Burns Night. It’s one night of the year when you can truly host a fabulous Scottish dinner party. But first, for those unfamiliar, let us look at why Scots around the World get together on this day and find out what the occasion is all about.
The 25th of January is known as the day to celebrate the life and times of Scotland’s national poet, Robert Burns as it was his birthday. His Address to a Haggis (an ode to Scotland’s national dish) is traditionally recited at Burns suppers before enjoying the haggis with neeps and tatties, which is why Burns and haggis are so closely linked. But what else is there to know about haggis?
We’ve done some digging and found these fun facts!
The origin of the word ‘haggis’ isn’t known for sure, but it is thought to come from the Old Norse word höggva, meaning to cut or hit
“Haggis hurling” is a sport. Yes, seriously. Its roots are unknown, but is often played at Highland Games across Scotland and even around the world!
The first commercially available Vegetarian Haggis was launched in 1984
A survey found that 1 in 10 Millennials believe that haggis is a real, wild animal! If you are one of said Millennials – spoiler alert!
Our Sales and Marketing Director Sarah Prentice has a dog named Haggis
A quintessentially Scottish dish (but with a history that may actually stretch back to ancient Rome) haggis is a delicious but often misunderstood delicacy. Traditionally (but now rarely) encased in the stomach of a sheep, haggis blends offal, onion, oatmeal, suet, spices and salt to create a dish that may not sound appealing but is rich in savoury and nutty flavours, perfect with a rich peppercorn sauce and a wee dram on those cold Scottish winter nights.
Our chefs have put together some tasty and unique dishes, which we promise will be the ultimate show-stoppers at your Burns Night celebration…
Haggis scotch egg
12 x Eggs
680g/half a stick Haggis (Fairfax)
500g Pork sausage meat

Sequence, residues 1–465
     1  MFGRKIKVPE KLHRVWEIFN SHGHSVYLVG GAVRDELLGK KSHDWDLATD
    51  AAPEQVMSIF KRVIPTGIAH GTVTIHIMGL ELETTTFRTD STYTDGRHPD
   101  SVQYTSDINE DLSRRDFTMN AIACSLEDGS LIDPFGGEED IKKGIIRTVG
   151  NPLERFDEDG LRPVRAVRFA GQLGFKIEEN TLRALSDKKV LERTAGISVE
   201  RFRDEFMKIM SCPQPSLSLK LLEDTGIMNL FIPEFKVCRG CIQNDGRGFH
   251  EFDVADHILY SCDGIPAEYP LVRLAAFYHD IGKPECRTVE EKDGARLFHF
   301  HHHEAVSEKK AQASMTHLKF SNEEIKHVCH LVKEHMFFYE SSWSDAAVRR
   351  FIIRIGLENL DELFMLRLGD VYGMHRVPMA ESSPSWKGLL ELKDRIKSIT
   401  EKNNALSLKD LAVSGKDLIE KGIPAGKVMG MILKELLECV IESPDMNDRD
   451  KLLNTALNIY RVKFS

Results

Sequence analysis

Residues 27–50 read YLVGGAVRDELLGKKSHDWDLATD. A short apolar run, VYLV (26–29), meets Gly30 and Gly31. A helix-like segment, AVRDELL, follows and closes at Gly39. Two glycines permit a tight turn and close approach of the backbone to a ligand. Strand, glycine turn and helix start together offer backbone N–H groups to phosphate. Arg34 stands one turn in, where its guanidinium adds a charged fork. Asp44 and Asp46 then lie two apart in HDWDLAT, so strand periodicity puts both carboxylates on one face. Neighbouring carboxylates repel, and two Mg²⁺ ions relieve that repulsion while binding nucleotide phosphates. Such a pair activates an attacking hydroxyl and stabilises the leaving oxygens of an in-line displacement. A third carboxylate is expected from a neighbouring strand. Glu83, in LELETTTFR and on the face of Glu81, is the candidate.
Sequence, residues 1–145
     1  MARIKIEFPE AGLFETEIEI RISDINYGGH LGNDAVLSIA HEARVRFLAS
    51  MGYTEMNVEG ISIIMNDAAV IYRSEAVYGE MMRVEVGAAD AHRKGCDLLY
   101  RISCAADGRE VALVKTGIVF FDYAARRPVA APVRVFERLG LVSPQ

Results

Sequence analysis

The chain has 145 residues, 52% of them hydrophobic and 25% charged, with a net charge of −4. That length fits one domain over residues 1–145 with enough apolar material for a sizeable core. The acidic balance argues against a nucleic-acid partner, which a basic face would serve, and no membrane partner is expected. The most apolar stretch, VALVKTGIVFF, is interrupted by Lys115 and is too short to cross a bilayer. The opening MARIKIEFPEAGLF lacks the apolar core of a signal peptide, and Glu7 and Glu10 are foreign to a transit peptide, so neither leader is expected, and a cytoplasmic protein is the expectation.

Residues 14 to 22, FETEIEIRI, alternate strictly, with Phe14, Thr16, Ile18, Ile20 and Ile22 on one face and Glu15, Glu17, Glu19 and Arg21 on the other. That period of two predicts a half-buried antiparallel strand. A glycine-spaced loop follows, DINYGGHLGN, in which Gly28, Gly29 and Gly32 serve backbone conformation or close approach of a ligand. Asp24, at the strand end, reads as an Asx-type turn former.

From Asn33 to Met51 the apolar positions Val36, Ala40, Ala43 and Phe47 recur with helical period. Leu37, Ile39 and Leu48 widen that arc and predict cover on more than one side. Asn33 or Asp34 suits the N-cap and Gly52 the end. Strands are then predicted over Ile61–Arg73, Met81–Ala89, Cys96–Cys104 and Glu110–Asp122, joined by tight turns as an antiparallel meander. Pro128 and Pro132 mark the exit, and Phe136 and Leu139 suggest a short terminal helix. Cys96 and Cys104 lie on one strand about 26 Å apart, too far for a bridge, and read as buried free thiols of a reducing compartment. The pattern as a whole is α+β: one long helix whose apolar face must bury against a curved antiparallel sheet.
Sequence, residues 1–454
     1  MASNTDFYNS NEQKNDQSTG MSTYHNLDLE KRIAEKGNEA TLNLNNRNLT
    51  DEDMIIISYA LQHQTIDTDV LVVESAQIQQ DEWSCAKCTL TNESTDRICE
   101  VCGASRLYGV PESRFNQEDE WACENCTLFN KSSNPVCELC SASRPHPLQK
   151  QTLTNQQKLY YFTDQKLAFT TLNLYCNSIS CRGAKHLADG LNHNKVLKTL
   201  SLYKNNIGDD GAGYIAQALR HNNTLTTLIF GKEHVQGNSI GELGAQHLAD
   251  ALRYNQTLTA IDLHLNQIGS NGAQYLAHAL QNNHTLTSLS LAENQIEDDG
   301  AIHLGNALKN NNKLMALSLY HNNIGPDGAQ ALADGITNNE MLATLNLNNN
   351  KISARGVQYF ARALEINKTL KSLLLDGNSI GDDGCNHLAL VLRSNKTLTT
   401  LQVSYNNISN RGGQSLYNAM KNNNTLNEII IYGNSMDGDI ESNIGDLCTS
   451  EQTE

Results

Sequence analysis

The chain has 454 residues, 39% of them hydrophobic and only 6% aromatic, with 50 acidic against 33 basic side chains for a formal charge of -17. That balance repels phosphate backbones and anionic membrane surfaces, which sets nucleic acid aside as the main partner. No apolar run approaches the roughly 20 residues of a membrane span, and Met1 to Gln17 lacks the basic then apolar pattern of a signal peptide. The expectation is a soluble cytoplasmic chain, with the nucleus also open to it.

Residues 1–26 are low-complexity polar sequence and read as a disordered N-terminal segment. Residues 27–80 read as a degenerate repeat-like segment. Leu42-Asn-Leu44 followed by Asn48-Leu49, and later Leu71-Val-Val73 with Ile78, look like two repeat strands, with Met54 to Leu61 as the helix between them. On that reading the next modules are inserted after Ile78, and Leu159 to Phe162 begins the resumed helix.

300g Panko breadcrumbs
4 x Eggs (beaten)
300g Seasoned flour
1 tbsp Dijon or English mustard
1. Boil the eggs for 5 ½ minutes. Refresh in ice-cold water then peel
2. Mix the sausage meat, haggis, and mustard until well combined
3. Divide the haggis mix into 12 equal size balls
4. Cover the egg in the haggis mix then pass through the flour, egg, and
5. Chill in the fridge for 30 minutes to set before frying
6. Fry at 170° C until golden and crisp and the meat is cooked through
(Approximately 7 minutes)
7. Remove the egg from the fryer and leave to cool on a wire rack
Haggis sausage roll
1 Sheet puff pastry
1.5kg Sausage meat
2 x Eggs (beaten)
680g/half a stick Haggis (Fairfax)
2 x large sprigs of thyme (picked)
Pumpkin seeds for sprinkling (optional)
1. Remove the packaging from the haggis and crumble into a large bowl
2. Add the picked thyme to the haggis, along with the sausage meat, and combine thoroughly
3. Cut the pastry sheet horizontally into two long strips
4. Divide the sausage mix into two portions and place a strip down the centre of each of the pastry pieces
5. Roll the pastry over the filling, making sure to brush a little beaten egg on the pastry where it joins together
6. Cut each roll into 6 equal pieces
7. Place the sausage rolls (with the join underneath) on a baking tray that has been lined with baking paper
8. Gently run a sharp knife over the top of the roll to add decorative slits and brush the whole roll with beaten egg to glaze (sprinkle with pumpkin seeds if using)
9. Place in the oven at 180C until golden and cooked through (approx 20 min)
10. Remove from the oven and allow to cool on a wire rack